Just when I was busy flipping closets from summer to fall, hanging the door wreath and pinning orange, red and yellow silk leaves to the cedar lapboards, all in an effort to welcome in the autumn season, winter hit overnight. Temperatures plummeted to 15 degrees by morning.
Fall has been particularly lovely this year, perhaps because it came so quickly as a much-needed break from scorching temperatures. Now it appears fall is "leaving" just as fast as chilling temperatures arrive early.
Lately I've spent a lot of time driving back and forth along Highway 82 and Highway 45 between Columbus, Starkville and West Point. From West Point, traveling south toward Highway 82, on the crest of a hill I could see a fair distance to the next rise. Along that stretch I counted 12 large trucks -- 18 wheelers.
You might remember a column a couple of weeks back. Momma said when the State Fair comes the weather will turn cooler. Before the fair had ended and practically overnight, temperatures plummeted into the 40s.
You know, I saw a meme once depicting a man straddled across a stairway with one foot on a ladder and the other braced on the wall. The caption said, "Why women live longer than men."
Two weeks into fall and walking across the yard feels like walking on potato chips.
It was 1992 when a friend asked me to a Tim McGraw concert at the MSU Coliseum with free tickets. I said "Yes," having no idea who Tim McGraw was. By the time we were on our way to the concert I was outfitted in cowboy boots, jeans and a plaid shirt. When Garth Brooks came in 1992 as County Music Entertainer of the Year, I was there.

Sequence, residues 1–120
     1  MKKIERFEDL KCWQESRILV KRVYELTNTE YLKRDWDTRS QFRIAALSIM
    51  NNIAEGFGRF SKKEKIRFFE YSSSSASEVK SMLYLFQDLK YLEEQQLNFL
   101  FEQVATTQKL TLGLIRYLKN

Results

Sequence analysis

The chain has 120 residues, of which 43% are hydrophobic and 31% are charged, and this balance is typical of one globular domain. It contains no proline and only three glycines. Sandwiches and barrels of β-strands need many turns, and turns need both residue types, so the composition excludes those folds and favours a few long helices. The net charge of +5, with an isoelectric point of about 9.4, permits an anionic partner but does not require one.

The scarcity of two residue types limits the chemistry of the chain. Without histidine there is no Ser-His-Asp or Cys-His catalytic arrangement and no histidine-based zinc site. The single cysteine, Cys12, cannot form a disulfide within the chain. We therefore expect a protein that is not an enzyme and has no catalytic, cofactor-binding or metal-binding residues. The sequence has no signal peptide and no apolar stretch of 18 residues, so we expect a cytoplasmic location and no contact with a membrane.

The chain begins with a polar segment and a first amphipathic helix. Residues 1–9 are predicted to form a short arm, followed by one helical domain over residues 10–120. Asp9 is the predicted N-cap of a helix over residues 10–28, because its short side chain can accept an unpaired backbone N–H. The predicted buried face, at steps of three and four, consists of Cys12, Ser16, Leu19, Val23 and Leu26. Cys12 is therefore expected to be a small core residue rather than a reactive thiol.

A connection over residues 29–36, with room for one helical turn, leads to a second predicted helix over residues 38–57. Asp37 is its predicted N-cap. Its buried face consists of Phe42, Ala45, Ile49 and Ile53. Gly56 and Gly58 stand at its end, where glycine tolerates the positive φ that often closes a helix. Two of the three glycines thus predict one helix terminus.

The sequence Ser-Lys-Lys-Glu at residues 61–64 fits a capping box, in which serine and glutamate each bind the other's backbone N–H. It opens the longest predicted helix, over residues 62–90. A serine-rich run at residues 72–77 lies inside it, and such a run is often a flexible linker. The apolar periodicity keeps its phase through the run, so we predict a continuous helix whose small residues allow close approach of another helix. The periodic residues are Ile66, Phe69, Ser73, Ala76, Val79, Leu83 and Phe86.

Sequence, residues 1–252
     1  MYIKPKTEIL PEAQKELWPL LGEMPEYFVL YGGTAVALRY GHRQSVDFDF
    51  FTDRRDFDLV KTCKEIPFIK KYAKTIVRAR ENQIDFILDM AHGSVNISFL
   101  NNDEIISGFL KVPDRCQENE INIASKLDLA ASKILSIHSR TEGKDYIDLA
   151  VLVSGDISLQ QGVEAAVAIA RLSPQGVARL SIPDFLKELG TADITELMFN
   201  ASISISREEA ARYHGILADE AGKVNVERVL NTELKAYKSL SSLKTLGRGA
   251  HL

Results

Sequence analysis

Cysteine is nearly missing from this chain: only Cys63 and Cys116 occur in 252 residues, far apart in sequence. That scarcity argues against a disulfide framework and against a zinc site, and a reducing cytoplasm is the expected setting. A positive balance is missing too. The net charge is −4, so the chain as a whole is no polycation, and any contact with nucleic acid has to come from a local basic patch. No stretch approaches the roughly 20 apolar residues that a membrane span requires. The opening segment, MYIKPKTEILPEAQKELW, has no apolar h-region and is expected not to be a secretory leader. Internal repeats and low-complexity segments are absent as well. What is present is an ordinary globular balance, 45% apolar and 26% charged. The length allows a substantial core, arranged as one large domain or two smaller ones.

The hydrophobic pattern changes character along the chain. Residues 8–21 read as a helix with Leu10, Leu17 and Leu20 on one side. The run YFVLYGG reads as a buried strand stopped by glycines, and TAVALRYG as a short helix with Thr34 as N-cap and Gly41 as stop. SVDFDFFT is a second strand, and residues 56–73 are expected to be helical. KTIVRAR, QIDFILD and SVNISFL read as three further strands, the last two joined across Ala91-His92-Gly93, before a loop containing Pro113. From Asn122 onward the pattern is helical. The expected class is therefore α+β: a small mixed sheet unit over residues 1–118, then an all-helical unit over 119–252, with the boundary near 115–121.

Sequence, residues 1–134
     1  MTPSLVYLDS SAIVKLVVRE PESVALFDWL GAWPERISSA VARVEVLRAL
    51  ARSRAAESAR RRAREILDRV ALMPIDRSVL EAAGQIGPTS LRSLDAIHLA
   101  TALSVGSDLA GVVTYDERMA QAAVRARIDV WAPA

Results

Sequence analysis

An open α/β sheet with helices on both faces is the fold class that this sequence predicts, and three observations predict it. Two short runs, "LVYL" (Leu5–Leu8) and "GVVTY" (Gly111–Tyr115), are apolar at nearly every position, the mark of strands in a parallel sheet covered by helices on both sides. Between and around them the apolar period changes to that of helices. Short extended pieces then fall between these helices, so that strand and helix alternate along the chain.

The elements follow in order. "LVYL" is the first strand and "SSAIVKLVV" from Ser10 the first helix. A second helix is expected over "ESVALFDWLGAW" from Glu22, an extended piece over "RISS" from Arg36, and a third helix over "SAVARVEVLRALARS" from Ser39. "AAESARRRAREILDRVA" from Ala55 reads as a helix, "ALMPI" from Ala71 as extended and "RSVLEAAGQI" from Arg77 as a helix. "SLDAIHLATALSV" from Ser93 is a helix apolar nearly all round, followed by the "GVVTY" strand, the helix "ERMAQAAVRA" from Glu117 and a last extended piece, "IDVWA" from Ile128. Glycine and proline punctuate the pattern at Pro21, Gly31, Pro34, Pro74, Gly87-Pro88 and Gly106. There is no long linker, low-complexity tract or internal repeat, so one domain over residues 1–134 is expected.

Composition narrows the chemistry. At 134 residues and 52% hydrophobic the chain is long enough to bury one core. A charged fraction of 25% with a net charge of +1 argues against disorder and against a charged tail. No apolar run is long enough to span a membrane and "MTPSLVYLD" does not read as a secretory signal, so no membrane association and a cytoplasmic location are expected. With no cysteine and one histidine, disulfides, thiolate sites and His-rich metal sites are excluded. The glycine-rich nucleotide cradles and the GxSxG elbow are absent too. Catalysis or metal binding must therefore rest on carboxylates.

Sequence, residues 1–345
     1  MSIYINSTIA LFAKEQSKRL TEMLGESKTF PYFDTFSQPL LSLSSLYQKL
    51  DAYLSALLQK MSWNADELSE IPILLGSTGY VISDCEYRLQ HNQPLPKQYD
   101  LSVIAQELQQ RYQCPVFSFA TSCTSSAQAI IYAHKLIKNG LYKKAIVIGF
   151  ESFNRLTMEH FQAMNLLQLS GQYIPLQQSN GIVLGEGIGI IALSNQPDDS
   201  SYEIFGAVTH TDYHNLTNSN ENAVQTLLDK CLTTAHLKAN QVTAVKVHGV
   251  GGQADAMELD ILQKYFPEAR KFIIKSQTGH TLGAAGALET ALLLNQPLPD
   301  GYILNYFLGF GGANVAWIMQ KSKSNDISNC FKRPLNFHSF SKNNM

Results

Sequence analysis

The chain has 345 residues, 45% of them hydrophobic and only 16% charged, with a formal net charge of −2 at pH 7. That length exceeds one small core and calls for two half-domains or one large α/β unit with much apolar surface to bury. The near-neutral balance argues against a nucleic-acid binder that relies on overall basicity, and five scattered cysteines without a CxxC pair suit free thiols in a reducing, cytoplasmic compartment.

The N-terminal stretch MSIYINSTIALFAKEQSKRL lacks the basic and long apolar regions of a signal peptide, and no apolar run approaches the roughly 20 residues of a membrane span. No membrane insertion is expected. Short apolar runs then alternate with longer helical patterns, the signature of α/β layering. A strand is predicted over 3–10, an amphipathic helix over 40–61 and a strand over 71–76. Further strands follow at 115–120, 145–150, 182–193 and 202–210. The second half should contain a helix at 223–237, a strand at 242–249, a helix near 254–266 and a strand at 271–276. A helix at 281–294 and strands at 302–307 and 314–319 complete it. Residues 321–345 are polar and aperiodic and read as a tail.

It was midday and only 79 degrees; the wind was slightly blowing while clouds covered the sky. Hallelujah, a little break in the weather, though the earth was still dry and desert-like.
Leaves are starting to flutter across the yard onto the porches. A massive number are falling from the ash tree down to the deck. Sweeping may last a day, and then the surface is covered again.
Standing on the porch overlooking the small pond I see reeds on the far side lying on the surface of the water. At least I think they're reeds; I go inside and get the binoculars.
A man accused of stealing a car out of Carthage has been arrested in Starkville.
Way back then there was no caller ID or hitting a button to decline calls, so I answered the phone. It was a representative from Nielsen Media Research. She asked if I'd be interested in joining the Nielsen TV family. The TV family are people chosen to allow Nielsen to measure their TV viewing and radio listening. While I was flattered, I responded, "The only problem is I don't own a TV."
R.C. White's book "Ten Million Kisses" turned over in my hands. If ever a cover attracted my attention this one did. A handsome soldier embraces his girl. The cover is done in deep sepia like photographs stored in boxes and albums from my mom and dad of the same era.
Here's a little follow-up from last week's Possumhaw on rain and how you might conserve water to make it work for you.
The rains came down and the floods came up. The phone continually sent flood alerts while Tropical Storm Barry made headway. But a day later, from my window on the world, rain was falling in a patch about 12 feet by 12 feet on the east side of the lake dock. The rest of the lake's surface was perfectly still. I wondered just how much new-to-me information I could find about rain. Turns out, it was quite a lot.
Kat was a young woman when we met. Fresh out of college and living in a small rental house just out from Starkville. I had furniture needing a new home and gave it to Kat to incorporate into her home. We became friends, and then not long after, Kat moved away.
The Prairie has been unusually wild in the past week. A full-grown doe feeds in the middle of the sedge field in broad daylight. Her red hide shines in the sunlight. She ambles and nibbles, raising her head now and then as she stares with doe eyes.
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